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Topic: Advice for building a laser receiver grid (Read 609 times) previous topic - next topic

j8s0n

I want to build a grid 20cm x 20cm (8in x 8in) that detects laser hits from one of these. It appears to be a simple IR/red laser.

I'd like the grid to be able to indicate where the hit was (row and column), if possible. Mainly I want to use it for timing. The receivers Laser Lyte sells for use with the emitters indicate a hit, but not how long it took (and the receivers appear to be pretty small as well).

My first thought was to create a 2D array of phototransistors, but I'd probably need to space them every 5mm or so, which would mean 1600 transistors, which would be nearly 1000USD.

Is there a better way to build this?

Alternatively, I suppose, I could buy their receiver and tap into the signals that indicate start and a hit, amplify them, and feed them to the arduino to calculate and display the time.

Magician

Use a camera, there is a project:
http://coolarduino.wordpress.com/2011/12/07/arduino-laser-3d-tracking-range-finder/
and
http://coolarduino.wordpress.com/2012/07/28/visual-navigator-making-it-mobile/

resolution 500x 800 , but vision field of  camera has to be adjusted to target size by lens or accurate close installation. Speed 1/60 sec, so 100 msec flash should be reliable registered  in 5-6 consecutive frames.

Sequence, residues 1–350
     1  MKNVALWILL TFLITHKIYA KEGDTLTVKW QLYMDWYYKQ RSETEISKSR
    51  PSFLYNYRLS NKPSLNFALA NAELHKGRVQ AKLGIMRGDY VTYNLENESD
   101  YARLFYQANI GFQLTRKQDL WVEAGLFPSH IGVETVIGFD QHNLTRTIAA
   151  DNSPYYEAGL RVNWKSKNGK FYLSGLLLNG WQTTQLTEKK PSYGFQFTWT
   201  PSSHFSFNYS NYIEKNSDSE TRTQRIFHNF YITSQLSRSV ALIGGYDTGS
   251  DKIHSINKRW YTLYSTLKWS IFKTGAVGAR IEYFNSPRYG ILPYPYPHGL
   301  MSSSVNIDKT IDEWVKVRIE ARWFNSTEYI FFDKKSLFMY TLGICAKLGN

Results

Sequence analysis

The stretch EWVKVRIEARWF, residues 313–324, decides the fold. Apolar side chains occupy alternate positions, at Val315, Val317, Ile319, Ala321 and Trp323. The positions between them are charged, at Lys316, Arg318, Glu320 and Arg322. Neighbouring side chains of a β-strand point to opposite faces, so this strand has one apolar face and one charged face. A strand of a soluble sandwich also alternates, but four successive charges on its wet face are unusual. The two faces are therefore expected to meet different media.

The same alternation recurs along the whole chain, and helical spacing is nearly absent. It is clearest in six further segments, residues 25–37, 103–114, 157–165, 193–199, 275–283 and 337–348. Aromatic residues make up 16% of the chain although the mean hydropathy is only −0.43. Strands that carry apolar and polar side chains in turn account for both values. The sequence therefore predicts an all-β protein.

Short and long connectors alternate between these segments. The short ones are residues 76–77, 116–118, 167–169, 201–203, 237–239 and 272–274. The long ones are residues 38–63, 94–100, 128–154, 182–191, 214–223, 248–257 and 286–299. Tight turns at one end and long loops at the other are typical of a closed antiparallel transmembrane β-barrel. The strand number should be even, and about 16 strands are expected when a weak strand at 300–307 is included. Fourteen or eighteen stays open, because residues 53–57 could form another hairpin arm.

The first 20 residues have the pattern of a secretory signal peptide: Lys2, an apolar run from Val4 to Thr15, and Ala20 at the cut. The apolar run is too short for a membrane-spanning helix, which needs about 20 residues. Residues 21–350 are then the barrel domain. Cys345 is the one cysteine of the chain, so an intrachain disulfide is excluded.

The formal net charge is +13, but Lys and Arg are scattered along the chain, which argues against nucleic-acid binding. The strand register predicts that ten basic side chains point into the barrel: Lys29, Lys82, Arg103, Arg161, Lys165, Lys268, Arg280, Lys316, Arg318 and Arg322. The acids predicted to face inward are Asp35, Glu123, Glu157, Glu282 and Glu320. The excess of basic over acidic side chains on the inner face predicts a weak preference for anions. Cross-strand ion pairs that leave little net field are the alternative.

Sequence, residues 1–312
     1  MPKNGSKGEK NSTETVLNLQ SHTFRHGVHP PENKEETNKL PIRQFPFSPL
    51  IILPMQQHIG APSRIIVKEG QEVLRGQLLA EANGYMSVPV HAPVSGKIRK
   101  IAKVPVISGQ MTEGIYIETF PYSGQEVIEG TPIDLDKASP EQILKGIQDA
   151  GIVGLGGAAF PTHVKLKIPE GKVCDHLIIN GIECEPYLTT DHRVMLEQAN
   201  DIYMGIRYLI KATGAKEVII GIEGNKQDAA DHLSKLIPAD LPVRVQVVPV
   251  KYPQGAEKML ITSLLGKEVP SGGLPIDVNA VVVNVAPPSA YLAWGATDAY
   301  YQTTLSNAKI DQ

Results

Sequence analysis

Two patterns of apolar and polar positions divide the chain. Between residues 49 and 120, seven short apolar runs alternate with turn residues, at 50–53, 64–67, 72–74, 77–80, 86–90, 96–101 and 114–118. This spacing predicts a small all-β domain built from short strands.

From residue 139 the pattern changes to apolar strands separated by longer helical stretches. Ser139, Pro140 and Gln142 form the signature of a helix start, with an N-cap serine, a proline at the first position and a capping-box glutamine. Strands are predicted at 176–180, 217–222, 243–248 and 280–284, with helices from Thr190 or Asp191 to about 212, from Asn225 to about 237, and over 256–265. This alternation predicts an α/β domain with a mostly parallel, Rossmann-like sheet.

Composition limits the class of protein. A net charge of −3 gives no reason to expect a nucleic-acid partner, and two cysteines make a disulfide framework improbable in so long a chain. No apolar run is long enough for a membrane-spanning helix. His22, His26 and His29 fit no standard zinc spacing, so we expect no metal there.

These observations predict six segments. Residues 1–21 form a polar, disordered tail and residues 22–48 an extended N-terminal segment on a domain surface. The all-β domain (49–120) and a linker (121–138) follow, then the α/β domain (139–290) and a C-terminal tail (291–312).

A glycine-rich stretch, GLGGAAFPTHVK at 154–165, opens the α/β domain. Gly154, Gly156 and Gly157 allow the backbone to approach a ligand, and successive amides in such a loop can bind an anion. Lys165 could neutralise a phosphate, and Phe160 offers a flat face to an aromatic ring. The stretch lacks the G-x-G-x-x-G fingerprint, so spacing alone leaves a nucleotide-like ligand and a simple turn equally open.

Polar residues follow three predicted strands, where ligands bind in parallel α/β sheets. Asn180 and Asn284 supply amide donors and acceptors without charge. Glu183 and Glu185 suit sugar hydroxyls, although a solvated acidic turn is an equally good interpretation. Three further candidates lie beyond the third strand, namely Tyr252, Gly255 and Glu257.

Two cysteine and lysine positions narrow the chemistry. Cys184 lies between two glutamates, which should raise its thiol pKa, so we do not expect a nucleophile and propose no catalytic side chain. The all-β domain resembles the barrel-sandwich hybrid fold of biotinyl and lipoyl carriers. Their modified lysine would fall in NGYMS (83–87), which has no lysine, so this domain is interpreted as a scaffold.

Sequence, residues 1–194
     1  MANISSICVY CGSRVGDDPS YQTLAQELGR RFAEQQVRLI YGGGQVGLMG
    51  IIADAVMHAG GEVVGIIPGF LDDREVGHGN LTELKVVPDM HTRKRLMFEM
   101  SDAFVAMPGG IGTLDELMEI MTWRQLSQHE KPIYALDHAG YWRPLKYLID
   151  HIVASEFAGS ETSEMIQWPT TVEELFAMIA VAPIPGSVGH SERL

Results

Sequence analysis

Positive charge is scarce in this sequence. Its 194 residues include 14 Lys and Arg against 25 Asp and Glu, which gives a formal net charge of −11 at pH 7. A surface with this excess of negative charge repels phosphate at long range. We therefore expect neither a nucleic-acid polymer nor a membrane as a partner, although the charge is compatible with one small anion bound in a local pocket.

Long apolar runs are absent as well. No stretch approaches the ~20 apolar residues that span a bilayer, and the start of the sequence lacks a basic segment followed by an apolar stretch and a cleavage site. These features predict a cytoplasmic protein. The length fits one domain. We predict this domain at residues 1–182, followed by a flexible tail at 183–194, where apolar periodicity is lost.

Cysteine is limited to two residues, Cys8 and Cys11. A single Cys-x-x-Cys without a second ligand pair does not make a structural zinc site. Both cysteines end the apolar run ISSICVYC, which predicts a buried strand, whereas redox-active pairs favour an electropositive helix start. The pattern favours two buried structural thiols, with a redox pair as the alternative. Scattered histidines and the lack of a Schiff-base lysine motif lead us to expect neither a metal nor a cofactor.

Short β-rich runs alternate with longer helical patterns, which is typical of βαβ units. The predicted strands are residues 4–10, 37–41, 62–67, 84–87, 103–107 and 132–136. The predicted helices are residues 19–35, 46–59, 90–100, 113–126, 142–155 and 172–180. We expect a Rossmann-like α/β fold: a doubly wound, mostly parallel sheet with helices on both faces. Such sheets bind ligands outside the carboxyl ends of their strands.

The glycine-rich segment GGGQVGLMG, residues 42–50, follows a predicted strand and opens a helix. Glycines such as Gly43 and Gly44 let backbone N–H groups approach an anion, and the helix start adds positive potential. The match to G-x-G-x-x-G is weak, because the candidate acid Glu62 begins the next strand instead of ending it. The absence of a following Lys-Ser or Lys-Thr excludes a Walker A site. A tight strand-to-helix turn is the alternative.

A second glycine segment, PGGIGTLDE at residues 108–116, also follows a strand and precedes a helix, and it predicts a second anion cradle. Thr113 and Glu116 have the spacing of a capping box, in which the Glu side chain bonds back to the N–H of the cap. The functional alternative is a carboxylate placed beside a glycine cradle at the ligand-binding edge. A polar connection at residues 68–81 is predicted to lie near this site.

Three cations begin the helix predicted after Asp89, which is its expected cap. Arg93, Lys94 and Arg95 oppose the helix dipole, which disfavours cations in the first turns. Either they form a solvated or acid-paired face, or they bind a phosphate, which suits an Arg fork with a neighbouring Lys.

macegr

So...what is this "time it took" you intend to measure? I hope you're not trying to measure time-of-flight of a laser pulse with an Arduino.
Unique RGB LED Modules and Arduino shields: http://www.macetech.com/store

j8s0n


So...what is this "time it took" you intend to measure? I hope you're not trying to measure time-of-flight of a laser pulse with an Arduino.

Sorry, I guess that part was a bit vague. I want to light an LED or buzz a buzzer, then start the timer. I'll stop the timer when the laser hits the target. I'm trying to measure (and improve) the time it takes to draw from a holster, acquire a target, and fire. And lasers are a lot cheaper than live ammo these days.

AWOL

I remember seeing a "live" firearms trainer at a trade show, where the shock and light of the firing of a blank round triggered a laser fitted in the pistol's barrel.
The "players" (law enforcement) wore vests woven with a broad mesh of notched optical fibre, forming the optical equivalent of a leaky feeder.
Photodiodes were attached only at the ends of a run of fibre, giving the controller an x-y position of a hit.
I don't imagine getting the notches right was easy though.
"Pete, it's a fool looks for logic in the chambers of the human heart." Ulysses Everett McGill.
Do not send technical questions via personal messaging - they will be ignored.

TanHadron

Could you use a plate of plexiglass, with X and Y photodiodes at the edges?

Chagrin


Could you use a plate of plexiglass, with X and Y photodiodes at the edges?

Phototransistors, but yeah I was wondering the same thing. The signal might not be variable enough across the face of the plexiglass to get a good distance measurement but maybe you could cut grooves into the face to improve that. Worth experimenting with, anyway.

j8s0n

I'm going to try Magician's advice: point a camera at the target (I didn't realize I can get an arduino-able camera for $30), buzz & start the timer, poll the camera until I see a big red spot, stop the timer, and display the time and image on a TFT display.

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